Reproduced with permission from The Beacon Supplement July 23, 1986



EPA’S Jim Lewington

To see the best days of the Gander airport in terms of Newfoundland airline industry growth is not to see beyond “Jim Lewington”, as he is commonly known and respected.

Though Eastern Provincial Airways no longer exists, which is another story, this airline, nevertheless, had such an exciting history at Gander that its sudden and impressive emergence is among highlights of the airport.

And to trace these is to present Jim Lewington, a small, unpretentious man, but a familiar figure at Gander, and how he became involved and is credited with much of the success that was EPA’s.Lewington

Arthur James Lewington, 78, is a native of Oshawa, Ontario and went to work as an office boy there in 1924 with General Motors of Canada, whose president was Col. Sam McLaughlin.  He earned $9.00 per week.

Two years later he decided to pursue further education so he left for the United States.  The pursuit took him from Ithaca, N.Y. to Los Angeles, California, and finally, to becoming a wireless operator.

In the interval, he experienced his first aeroplane ride and undertook flying instruction from the owner of a JN4.  This owner was pleased to accept fuel from Mr. Lewington for the aircraft compensation, which allowed Lewington to build up flying experience fro a higher rating as a pilot.  Of interest to note, Mr. Lewington returned to Canada in 1928 and found employment as a wireless operator on the Great Lakes for the Canadian Marconi Co.

Then for a very short time he worked as an engineer for Roy Thompson (late Lord Thompson of Fleet) at a radio station in Kirkland Lake, Ontario.  Later, he ended up in the Keewatin district of Northern Ontario, where he worked as a radio operator for the Ontario provincial air services and became acquainted with many of the original bush pilots.

In 1937 he joined the federal Department of Transport in Winnipeg as a radio Operator/technician, worked on the installation and calibration of radio range stations across the Prairies.  These were the stations that delineated the airways across Canada and were necessary for the startup of Trans Canada Airlines that same year.  At the same time, Mr. Lewington took more flying instruction and qualified for a first flying license.

In 1939 he was sent to St. Hubert, P.W. to join the first group in training as traffic controllers and obtained the ATC license No. Six.  He then returned to Winnipeg to open the first traffic control tower there.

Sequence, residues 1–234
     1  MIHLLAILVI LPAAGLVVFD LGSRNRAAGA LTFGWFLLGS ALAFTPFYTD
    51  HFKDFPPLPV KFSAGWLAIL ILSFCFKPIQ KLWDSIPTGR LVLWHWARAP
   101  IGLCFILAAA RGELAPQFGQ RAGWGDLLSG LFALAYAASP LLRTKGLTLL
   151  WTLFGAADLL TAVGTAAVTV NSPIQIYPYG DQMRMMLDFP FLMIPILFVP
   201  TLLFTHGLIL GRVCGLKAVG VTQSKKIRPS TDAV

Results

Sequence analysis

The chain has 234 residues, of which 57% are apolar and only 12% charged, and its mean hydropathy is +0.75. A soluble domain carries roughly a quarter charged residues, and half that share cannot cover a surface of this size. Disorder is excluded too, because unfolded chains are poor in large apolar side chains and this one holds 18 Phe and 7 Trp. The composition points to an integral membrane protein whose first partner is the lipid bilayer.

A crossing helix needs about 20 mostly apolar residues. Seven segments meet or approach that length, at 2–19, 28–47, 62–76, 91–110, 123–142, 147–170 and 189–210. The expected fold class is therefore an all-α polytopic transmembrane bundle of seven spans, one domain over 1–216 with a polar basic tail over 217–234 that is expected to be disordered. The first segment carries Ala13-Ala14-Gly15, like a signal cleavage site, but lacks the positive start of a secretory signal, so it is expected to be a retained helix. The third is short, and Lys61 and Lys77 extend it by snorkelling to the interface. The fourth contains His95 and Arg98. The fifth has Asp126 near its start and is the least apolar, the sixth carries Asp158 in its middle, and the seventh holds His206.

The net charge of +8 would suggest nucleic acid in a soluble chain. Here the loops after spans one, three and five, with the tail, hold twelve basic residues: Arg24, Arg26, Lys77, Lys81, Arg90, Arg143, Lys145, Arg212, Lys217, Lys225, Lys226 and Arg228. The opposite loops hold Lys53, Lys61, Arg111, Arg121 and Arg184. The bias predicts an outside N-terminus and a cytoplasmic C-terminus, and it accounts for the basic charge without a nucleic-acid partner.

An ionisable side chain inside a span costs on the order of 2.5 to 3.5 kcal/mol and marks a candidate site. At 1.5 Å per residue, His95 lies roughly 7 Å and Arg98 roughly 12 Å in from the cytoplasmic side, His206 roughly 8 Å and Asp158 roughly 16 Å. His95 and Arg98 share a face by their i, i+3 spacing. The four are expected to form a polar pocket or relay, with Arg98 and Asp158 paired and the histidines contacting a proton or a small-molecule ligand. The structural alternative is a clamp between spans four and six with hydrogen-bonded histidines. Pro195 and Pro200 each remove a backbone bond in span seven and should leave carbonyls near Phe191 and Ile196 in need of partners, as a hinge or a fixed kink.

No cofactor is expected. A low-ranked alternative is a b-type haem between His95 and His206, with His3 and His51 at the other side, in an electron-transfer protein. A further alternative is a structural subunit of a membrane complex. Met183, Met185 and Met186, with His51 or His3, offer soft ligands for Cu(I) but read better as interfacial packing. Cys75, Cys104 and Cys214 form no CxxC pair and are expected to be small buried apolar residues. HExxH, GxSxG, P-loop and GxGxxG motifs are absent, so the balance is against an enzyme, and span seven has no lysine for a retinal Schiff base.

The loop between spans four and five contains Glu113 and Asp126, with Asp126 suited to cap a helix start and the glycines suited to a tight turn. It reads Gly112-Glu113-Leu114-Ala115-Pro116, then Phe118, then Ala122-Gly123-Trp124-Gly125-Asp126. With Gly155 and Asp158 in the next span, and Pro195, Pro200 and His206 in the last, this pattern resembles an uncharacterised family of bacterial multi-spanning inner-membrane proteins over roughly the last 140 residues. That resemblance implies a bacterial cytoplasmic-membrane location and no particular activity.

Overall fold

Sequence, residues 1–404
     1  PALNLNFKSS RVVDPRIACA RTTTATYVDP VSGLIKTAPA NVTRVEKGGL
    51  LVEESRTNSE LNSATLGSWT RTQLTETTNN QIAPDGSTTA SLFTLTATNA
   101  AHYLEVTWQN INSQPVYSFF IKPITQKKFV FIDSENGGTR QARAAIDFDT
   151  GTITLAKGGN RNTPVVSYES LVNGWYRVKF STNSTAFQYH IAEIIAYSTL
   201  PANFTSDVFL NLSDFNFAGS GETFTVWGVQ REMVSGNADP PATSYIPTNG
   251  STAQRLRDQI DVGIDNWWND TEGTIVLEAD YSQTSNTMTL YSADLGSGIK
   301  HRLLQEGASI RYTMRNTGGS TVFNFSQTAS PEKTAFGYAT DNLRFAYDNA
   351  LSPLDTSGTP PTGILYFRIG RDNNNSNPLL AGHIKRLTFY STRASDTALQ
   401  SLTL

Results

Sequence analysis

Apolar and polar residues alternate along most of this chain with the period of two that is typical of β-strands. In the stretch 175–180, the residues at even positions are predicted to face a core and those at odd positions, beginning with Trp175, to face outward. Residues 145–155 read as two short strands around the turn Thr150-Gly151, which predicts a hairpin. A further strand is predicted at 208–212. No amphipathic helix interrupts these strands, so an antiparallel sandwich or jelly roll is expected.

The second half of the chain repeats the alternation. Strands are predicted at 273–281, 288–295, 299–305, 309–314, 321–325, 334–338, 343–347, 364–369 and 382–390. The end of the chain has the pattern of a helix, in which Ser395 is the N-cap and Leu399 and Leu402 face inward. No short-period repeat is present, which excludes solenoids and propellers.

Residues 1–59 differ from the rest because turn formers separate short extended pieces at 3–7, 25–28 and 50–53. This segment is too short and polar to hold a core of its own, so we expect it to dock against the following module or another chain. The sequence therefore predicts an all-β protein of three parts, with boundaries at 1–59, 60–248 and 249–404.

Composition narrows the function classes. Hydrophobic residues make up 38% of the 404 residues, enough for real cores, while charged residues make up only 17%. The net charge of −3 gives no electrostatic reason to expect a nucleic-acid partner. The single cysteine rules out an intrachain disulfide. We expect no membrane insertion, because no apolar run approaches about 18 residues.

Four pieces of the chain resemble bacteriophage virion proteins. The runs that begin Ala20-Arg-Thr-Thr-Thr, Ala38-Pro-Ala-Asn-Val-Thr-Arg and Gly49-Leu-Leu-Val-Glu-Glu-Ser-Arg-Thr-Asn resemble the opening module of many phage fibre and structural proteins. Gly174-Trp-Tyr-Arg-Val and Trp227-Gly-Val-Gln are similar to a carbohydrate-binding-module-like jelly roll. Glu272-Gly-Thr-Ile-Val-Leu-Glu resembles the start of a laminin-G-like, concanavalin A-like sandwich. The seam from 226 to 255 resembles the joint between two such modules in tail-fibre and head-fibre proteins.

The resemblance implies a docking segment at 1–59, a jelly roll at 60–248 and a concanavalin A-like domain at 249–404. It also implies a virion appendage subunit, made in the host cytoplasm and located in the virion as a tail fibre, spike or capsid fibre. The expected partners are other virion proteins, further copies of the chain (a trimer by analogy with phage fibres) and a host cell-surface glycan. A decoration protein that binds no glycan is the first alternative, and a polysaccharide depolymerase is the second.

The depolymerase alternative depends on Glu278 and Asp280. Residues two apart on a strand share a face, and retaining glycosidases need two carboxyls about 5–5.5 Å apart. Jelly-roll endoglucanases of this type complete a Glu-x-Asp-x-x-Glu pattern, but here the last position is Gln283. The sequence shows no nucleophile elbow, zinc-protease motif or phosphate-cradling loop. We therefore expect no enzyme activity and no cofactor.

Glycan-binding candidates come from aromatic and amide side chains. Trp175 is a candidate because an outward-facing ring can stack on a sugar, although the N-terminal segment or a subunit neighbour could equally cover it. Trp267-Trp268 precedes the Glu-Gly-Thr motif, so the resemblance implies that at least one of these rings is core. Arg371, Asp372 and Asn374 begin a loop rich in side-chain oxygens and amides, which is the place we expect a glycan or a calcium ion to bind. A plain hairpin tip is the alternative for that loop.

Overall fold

Meanwhile, the last world war was declared – he enlisted in the RCAF but didn’t report for duty until April 1940.  After training at Malton and Trenton he became a flying instructor.  The next two years were mostly spent at Calgary and he went overseas in 1942. 

The next three years Mr. Lewington spent with Six Group Bomber Command in Yorkshire, except for four months in North Africa during the Sicilian invasion.

While overseas he completed two tours training aircrews and two tours on operations with bomber command.  His last tour was as commanding officer of 433 Squadron at Skipton On Swale in Yorkshire. 

In June of 1945, Mr. Lewington returned to Canada and joined the Tiger Force which was re-equipping and re-training for operations in Okinawa.  Once the Japanese surrender came, he retired from the Air Force with the rank of Group Captain DRC and Bar.

The winter of 1945-46 was spent flying in the bush of northern Quebec and in the spring he was engaged in ferrying the C-47 or Dakota aircraft, which were surplus to military requirements, from the southern United States to Canadair in Montreal.  There, these aircraft were converted into DC-3s for Trans Canada Airlines.  He flew one of the last DC-3s, manufactured by Douglas from Montreal to Paris for Air France.

At the time he made a refueling stop at Goose Bay, Labrador, and this turned out to be his first acquaintance with Newfoundland and Labrador.

Mr. Lewington rejoined the federal Department of Transport, but in Ottawa, in 1947, as an inspector of airways, airports and ground aids.  Among other things duties included calibrating radio range stations and ferrying government VIPs around the country.  This is how he first came into contact with Gander, for in 1949 he flew members of the Air Transport Board, under chairman, John Baldwin, to Gander for hearings on an application by Carl Burke and Eric Blackwood.

He left DOT in 1951 to go with building contractor, Fraser Brace, which was engaged by the U.S. Corps of Engineers to build a chain of radar stations known as the Pinetree Line, that went from St. John’s to Frobisher.  The occasion marked his arrival in Gander as Transportation and Communications Manager for the Company.